Endothelial Metabolism Driving Angiogenesis

Anna Rita Cantelmo, Aleksandra Brajic, Peter Carmeliet

Research output: Contribution to journalArticlepeer-review


Angiogenesis has been traditionally studied by focusing on growth factors and other proangiogenic signals, but endothelial cell (EC) metabolism has not received much attention. Nonetheless, glycolysis, one of the major metabolic pathways that converts glucose to pyruvate, is required for the phenotypic switch from quiescent to angiogenic ECs. During vessel sprouting, the glycolytic activator PFKFB3 (6-phosphofructo-2-kinase/fructose-2,6-bisphosphatase-3) promotes vessel branching by rendering ECs more competitive to reach the tip of the vessel sprout, whereas fatty acid oxidation selectively regulates proliferation of endothelial stalk cells. These studies show that metabolic pathways in ECs regulate vessel sprouting, more importantly than anticipated. This review discusses the recently discovered role of glycolysis and fatty acid oxidation in vessel sprouting. We also highlight how metabolites can influence EC behavior as signaling molecules by modulating posttranslational modification. ©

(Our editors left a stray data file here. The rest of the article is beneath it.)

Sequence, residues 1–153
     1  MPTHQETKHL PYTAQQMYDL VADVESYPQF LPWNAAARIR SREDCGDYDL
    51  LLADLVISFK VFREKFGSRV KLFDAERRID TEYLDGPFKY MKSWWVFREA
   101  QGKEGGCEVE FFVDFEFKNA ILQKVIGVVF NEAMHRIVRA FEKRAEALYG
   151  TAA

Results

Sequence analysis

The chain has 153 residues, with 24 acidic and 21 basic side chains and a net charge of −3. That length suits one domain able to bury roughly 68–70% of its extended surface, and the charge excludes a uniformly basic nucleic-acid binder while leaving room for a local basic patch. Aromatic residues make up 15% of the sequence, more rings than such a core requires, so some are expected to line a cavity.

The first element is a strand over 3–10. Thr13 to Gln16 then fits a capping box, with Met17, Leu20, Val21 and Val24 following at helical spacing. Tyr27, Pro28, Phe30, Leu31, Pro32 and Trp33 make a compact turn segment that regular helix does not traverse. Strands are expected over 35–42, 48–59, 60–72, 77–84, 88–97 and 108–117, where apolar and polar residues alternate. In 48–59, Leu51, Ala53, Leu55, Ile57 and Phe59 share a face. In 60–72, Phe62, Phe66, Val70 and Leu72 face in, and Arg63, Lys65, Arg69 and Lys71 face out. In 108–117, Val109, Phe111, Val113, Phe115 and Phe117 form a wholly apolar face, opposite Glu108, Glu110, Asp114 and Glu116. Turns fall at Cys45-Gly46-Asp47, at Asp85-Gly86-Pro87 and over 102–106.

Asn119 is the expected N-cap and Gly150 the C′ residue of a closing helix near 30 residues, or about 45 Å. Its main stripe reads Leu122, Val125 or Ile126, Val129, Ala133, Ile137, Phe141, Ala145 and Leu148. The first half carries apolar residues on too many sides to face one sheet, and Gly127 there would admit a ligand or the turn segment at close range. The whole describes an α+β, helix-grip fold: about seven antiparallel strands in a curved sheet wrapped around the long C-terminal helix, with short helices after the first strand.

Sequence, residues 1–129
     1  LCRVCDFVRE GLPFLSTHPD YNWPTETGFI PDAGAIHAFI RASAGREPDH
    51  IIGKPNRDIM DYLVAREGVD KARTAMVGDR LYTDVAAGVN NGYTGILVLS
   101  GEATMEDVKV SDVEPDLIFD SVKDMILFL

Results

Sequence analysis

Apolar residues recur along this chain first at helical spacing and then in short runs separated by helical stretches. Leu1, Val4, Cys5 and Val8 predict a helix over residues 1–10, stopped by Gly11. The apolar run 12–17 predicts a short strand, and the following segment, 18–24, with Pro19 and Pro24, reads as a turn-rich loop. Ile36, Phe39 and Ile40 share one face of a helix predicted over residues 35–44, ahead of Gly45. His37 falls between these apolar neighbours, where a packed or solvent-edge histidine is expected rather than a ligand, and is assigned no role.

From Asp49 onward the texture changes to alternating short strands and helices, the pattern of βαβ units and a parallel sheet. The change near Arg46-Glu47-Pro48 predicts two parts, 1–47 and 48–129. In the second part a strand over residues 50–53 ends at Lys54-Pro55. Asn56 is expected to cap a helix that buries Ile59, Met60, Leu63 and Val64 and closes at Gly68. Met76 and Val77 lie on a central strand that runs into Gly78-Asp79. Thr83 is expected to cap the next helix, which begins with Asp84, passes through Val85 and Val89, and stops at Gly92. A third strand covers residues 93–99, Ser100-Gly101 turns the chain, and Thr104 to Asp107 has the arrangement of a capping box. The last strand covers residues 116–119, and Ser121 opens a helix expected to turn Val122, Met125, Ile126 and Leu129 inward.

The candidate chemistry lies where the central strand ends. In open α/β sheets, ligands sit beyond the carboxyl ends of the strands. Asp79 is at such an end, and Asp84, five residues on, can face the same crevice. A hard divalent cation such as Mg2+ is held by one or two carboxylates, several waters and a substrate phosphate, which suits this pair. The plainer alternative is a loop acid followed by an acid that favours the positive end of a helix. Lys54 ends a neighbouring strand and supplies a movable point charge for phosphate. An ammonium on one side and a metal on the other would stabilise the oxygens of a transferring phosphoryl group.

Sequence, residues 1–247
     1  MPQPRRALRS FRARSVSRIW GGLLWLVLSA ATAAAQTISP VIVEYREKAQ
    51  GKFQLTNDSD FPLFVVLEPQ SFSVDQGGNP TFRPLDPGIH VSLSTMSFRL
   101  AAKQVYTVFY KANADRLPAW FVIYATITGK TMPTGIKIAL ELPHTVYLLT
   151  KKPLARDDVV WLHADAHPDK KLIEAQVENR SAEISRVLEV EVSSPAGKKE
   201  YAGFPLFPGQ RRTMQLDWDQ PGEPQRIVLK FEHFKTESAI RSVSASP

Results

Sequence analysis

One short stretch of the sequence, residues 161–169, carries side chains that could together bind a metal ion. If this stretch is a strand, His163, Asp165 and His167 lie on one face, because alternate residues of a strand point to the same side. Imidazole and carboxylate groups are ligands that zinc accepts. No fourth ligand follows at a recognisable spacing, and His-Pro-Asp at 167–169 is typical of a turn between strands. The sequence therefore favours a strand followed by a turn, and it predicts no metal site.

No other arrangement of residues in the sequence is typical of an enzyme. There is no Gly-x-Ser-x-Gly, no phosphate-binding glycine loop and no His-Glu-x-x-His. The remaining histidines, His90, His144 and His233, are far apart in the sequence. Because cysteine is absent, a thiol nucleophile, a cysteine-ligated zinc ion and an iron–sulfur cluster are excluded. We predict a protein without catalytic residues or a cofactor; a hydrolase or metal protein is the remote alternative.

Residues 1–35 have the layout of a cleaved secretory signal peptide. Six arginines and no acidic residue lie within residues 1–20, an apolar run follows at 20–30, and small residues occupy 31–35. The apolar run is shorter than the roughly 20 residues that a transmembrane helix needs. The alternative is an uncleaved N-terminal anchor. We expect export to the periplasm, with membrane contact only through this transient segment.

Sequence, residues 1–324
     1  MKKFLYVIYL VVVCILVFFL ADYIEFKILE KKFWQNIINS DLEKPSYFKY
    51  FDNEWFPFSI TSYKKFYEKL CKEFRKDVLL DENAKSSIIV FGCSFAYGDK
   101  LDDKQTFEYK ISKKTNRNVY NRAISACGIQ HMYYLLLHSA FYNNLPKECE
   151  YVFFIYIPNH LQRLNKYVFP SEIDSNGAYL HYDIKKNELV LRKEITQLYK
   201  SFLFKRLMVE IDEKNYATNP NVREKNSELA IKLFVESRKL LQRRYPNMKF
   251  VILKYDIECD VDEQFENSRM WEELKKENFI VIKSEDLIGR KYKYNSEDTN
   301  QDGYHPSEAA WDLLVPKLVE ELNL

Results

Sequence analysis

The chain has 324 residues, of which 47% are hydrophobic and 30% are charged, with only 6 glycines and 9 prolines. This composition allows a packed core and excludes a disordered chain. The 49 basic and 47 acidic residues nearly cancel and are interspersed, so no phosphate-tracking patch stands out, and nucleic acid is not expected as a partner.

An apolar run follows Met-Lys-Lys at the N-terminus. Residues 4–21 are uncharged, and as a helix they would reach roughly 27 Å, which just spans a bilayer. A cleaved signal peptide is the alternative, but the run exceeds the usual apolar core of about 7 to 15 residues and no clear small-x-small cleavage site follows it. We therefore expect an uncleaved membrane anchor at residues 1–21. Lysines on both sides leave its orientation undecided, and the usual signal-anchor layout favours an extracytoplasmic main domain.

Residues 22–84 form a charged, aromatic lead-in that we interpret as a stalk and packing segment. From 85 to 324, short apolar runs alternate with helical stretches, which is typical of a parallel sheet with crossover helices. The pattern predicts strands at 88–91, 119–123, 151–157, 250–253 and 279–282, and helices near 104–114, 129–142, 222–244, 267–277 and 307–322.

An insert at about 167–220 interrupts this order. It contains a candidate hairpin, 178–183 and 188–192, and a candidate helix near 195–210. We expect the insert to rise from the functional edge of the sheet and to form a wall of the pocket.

Original languageEnglish
Pages (from-to)244-249
Number of pages6
JournalCancer Journal (United States)
Issue number4
Publication statusPublished - Jul 5 2015


  • Angiogenesis
  • endothelial cells
  • metabolism

ASJC Scopus subject areas

  • Cancer Research
  • Oncology


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